On this episode of CISO/Security Vendor Relationship Podcast, cybercrime fails and we brag about it.
This episode is hosted by me, David Spark (@dspark), producer of CISO Series and founder of Spark Media Solutions and Mike Johnson. Our guest this week is Geoff Belknap (@geoffbelknap), CISO, LinkedIn.
Thanks to this week’s podcast sponsor Trend Micro
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On this week’s episode
How CISOs are digesting the latest security news
We simply don’t hear enough good news cybersecurity stories that make those involved proud. What are the cybersecurity stories that aren’t being told publicly that should be?
First 90 Days of a CISO
Michael Farnum, Set Solutions, said, “If you come into the job and aren’t willing to critically review existing projects AND put a stop to the ones that are questionable, then you are going to cause yourself problems later. It might seem like an unwise political move when new to the company, but you have to be willing to swing the axe (or at least push the pause button) on anything that doesn’t make sense.” Not so easy, but where’s the line where you can actually push and say, “We’re changing course”?
It’s time to play, “What’s Worse?!”
We’ve got a split decision!
Hey, you’re a CISO, what’s your take on this?
On a previous episode of Defense in Depth, we talked about employee hacking or getting the staff on the same page as the CISO and the security program. I quoted instructor Sarah Mancinho who said, “I am a firm believer that CISOs/CIOs should have their own dedicated IT strategic communications person(s) that report to them, and not any other office. Most comms roles I’ve seen…had to report to HR/PR/General Comms….none of whom really knew anything about technology/technical comms/infosec….and had little to no interaction with the IT/security team.”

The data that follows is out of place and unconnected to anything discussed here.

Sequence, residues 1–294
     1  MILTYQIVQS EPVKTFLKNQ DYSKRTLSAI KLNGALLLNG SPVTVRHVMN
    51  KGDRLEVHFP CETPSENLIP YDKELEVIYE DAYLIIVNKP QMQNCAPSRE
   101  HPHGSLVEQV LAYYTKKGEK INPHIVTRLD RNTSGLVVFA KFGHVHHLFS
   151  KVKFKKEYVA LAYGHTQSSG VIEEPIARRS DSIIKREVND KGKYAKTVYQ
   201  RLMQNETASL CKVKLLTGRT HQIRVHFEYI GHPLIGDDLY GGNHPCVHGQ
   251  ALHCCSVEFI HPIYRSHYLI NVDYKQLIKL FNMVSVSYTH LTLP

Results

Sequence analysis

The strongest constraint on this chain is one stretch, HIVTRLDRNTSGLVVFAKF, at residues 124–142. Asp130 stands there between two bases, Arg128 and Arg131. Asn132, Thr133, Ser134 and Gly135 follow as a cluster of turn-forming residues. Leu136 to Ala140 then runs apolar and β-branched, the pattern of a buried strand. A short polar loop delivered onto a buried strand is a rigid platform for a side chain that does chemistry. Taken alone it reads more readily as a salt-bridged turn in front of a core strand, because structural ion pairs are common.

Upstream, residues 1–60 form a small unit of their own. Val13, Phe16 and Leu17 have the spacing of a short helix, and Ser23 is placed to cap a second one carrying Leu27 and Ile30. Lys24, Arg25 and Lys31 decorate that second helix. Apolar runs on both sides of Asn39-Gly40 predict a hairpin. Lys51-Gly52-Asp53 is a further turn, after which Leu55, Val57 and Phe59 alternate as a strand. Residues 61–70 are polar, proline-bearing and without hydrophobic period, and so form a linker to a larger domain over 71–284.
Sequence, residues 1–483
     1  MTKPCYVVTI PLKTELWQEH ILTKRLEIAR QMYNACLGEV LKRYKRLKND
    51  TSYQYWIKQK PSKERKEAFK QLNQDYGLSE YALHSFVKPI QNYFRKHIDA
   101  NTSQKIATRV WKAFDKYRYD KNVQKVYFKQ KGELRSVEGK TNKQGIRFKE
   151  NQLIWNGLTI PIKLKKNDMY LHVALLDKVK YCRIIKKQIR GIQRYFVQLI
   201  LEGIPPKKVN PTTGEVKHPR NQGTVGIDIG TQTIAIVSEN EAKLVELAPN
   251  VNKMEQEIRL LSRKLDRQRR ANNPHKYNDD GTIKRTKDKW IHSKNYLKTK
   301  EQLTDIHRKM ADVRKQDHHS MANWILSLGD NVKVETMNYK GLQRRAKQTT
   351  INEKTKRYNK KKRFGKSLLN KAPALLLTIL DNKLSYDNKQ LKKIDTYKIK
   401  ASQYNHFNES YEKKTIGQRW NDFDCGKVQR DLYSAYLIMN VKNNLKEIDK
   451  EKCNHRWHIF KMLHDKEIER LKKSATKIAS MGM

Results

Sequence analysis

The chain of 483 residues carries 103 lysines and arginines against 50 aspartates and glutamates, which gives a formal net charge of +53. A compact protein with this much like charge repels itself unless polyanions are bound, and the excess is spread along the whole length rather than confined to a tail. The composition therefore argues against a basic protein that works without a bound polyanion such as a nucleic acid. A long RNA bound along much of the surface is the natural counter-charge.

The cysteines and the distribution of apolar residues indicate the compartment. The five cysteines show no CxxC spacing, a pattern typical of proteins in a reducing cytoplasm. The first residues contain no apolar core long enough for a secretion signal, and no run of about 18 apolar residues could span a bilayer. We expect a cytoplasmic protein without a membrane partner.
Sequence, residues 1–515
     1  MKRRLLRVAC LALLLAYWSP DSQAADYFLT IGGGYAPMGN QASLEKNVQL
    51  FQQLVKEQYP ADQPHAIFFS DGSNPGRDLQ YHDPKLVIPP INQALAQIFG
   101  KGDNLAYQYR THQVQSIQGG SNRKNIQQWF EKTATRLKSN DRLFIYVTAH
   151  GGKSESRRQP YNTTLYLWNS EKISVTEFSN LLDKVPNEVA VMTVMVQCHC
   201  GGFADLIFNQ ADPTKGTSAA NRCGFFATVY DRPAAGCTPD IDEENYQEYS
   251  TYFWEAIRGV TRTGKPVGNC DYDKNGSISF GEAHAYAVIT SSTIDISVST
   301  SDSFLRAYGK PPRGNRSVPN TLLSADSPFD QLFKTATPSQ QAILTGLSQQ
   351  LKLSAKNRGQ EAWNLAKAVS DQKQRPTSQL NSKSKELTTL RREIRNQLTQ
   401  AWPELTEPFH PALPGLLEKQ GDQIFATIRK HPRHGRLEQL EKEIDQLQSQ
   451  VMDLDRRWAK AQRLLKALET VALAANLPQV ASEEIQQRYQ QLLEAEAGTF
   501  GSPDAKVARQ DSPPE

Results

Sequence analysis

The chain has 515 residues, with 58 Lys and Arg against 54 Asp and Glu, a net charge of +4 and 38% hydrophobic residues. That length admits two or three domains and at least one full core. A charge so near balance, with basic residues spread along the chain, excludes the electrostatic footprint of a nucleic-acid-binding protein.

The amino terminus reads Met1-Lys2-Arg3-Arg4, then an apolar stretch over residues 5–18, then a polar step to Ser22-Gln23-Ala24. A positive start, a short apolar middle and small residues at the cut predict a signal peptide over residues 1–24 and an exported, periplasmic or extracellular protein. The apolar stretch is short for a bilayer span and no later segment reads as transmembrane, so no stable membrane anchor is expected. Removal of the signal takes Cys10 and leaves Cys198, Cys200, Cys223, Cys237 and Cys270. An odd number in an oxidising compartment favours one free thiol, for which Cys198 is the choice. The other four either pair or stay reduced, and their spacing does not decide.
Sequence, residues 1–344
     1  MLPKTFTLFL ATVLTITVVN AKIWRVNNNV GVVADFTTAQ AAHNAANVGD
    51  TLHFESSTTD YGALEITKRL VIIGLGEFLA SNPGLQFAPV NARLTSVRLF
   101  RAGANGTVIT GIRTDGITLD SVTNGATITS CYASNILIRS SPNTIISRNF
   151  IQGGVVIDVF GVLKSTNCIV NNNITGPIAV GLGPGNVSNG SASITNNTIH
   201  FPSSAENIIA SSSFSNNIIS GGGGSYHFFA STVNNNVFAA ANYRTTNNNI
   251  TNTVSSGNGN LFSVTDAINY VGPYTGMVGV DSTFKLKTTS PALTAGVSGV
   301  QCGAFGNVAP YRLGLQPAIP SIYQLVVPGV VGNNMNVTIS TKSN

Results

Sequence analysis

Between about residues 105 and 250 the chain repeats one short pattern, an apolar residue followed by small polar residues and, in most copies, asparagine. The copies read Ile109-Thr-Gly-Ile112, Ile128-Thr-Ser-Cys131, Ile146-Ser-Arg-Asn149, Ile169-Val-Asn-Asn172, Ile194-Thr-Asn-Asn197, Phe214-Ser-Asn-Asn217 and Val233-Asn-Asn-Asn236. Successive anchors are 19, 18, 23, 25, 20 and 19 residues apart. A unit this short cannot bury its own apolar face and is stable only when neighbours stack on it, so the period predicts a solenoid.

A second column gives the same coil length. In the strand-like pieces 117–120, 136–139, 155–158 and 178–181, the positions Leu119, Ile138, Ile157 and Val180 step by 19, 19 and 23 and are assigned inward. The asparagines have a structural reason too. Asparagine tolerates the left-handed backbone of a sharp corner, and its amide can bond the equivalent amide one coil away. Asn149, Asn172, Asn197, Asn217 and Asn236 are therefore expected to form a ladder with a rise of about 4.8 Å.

My co-host, Allan Alford, loved this idea, never had it, but would love to have it. What value could a dedicated PR person bring to the security team?
The devious new Android malware called Cerberus steals credentials by using a downloaded fake Adobe Flash player. That is not really innovative in itself, but what’s interesting is the way it seeks to avoid detection by using the phone’s accelerometer to confirm that the infected target is a real device and not on the screen of a security analyst. According to ESET researcher Lukas Stefanko, quoted in Forbes, the app actually counts a number of physical footsteps taken by the phone’s owner, and deploys once the required number has been reached.
This points to an insidious reality that bad actors are not just trying to out-code the good guys. It shows that to a bad guy, everything is an opportunity, and every element we take for granted or in trust no matter how mundane or innocent – especially when it comes to downloadable files – is a potential infection.
There is no 100% secure way of preventing such creative genius, which means companies must continue to rely on the conjoined forces of their own infosec team paired with an as-a-service specialists to watch for exploitable weaknesses that hide in plain sight.
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Why is everybody talking about this now?
What’s behind the cybersecurity skills shortage? In an article on the Forbes Council, Mark Aiello, president of cybersecurity recruiting firm CyberSN, pointed out some ugly truths as to why it’s so difficult to hire cybersecurity talent. He pointed to low pay, the desire to find unicorns, poor job descriptions, training and growth. Is the core issue that the cybersecurity industry just does a very poor job welcoming new entrants?
Today, what does a cybersecurity professional need walking in the door? And what are CISOs willing to accept no knowledge of, yet willing to train?